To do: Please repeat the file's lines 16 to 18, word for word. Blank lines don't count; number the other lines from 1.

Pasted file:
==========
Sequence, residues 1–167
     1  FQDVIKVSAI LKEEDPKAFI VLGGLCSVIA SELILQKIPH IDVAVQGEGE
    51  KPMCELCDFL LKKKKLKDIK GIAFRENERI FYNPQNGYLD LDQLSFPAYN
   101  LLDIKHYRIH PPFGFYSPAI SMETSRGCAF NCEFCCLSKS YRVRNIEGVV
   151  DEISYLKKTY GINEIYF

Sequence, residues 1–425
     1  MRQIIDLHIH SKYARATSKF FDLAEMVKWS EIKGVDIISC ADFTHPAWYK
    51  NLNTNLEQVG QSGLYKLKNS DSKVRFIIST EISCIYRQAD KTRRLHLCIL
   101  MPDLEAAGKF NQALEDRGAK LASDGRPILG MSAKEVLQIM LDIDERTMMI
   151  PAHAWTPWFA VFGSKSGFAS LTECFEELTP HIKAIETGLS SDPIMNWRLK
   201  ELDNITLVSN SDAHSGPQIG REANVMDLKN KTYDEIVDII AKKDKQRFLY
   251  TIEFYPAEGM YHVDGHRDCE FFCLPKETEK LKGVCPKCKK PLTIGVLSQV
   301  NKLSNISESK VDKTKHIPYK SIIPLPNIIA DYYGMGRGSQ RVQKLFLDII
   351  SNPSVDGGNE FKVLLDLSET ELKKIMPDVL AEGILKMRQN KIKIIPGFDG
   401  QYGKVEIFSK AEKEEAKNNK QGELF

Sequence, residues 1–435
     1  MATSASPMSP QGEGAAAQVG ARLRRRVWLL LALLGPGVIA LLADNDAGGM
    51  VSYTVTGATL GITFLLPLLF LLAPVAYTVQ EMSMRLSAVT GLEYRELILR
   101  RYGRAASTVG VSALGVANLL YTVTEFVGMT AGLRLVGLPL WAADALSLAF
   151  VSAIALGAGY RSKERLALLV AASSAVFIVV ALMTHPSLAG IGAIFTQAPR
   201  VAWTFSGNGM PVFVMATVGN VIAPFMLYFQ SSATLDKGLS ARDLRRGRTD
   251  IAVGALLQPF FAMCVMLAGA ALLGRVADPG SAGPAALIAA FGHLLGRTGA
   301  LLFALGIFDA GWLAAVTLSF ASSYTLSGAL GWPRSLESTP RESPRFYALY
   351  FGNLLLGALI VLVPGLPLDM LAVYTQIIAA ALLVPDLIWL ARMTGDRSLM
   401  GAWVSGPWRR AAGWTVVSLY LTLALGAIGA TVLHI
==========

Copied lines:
Sequence, residues 1–435
     1  MATSASPMSP QGEGAAAQVG ARLRRRVWLL LALLGPGVIA LLADNDAGGM
    51  VSYTVTGATL GITFLLPLLF LLAPVAYTVQ EMSMRLSAVT GLEYRELILR